One of the other challenges I have is finding more time and better ways to thoughtfully engage with our donors. I feel strongly that the heart of great fundraising is building relationships. I also know all of us are pressed for time. How can we utilize technology to better direct how and where we spend time with donors? That’s been something we’ve been working on over the last year — utilizing technology to help focus our time on deeply engaged donors or prospects. It has been a fun project, and we’ll see if it works!
You mentioned Northwestern Medicine is a very trusted, recognizable brand. Do you find that to be an advantage in fundraising?
Yes. Our colleagues in the health system are so focused on being even better for our patients. I love that about Northwestern Medicine. The quest to be better ties in so beautifully to fundraising. Philanthropic support fuels the quest for better outcomes and in that story, the donor gets to be the hero.
Do you have a donor story that stands out to you as being particularly impactful?
We had a donor who was incredibly successful in the corporate world and turned out to be one of our best advocates for philanthropic support of oncology research and care. He led companies whose names you would recognize. This gentleman had been experiencing chest pain and was diagnosed with Stage IV lung cancer. Our clinical team provided outstanding care with novel treatment for patients like this man whose tumors were resistant to traditional cancer therapies. He actually reached a point where he was living with and managing his Stage IV lung cancer. As a result, he lived to see his first grandchild. Sadly, he passed away recently and it really hit us hard. But sometimes living a few months longer might feel like a lifetime. We have to recognize the success in that. Because of philanthropy, a treatment plan existed that allowed him to meet his granddaughter. It’s still hard to talk about. He spoke publicly about his journey and how he was not surviving but thriving and he was so gifted in terms of his ability to express just how important it is for people to support research. We honor his memory by continuing to fundraise so others can continue to experience the big and little moments of life.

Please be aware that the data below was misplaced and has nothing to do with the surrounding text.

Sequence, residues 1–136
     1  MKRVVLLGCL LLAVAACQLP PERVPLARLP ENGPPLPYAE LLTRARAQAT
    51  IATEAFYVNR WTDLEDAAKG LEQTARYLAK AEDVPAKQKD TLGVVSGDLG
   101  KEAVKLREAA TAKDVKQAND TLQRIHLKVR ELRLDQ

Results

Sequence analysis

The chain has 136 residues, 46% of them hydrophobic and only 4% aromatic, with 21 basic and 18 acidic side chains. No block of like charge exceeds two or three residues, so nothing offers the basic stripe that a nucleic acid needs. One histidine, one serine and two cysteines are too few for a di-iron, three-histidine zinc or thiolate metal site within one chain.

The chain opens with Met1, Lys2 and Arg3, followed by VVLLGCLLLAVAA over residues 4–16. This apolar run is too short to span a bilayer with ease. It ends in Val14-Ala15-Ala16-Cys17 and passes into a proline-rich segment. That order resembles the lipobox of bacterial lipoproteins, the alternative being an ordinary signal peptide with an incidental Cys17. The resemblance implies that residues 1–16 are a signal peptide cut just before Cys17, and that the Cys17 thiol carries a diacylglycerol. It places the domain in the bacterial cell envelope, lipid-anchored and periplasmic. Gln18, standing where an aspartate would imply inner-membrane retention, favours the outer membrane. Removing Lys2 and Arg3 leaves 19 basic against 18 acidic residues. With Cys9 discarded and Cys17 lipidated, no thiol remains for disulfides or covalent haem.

In your transition to the health care industry, what is the best piece of advice you’ve received?
The best piece of advice somebody gave me was, “People in health care like rules.” I know it sounds funny, but I’m finding it to be true. In health care, we get used to clinical pathways and linear thinking, so if you can explain to colleagues what the path is, it feels more comfortable to them. I find that when I’m working with clinicians and I can show them the project building blocks or map out the path to help fund a project, that strategy makes sense to them. This works far better than the rookie mistake I made when I started which was ask, “What would you do with $10 million?” That’s too nebulous. I’ve found that framing the discussion in terms of what a clinician would do to improve patient care if money were no object is a far better way to approach a discussion about fundraising.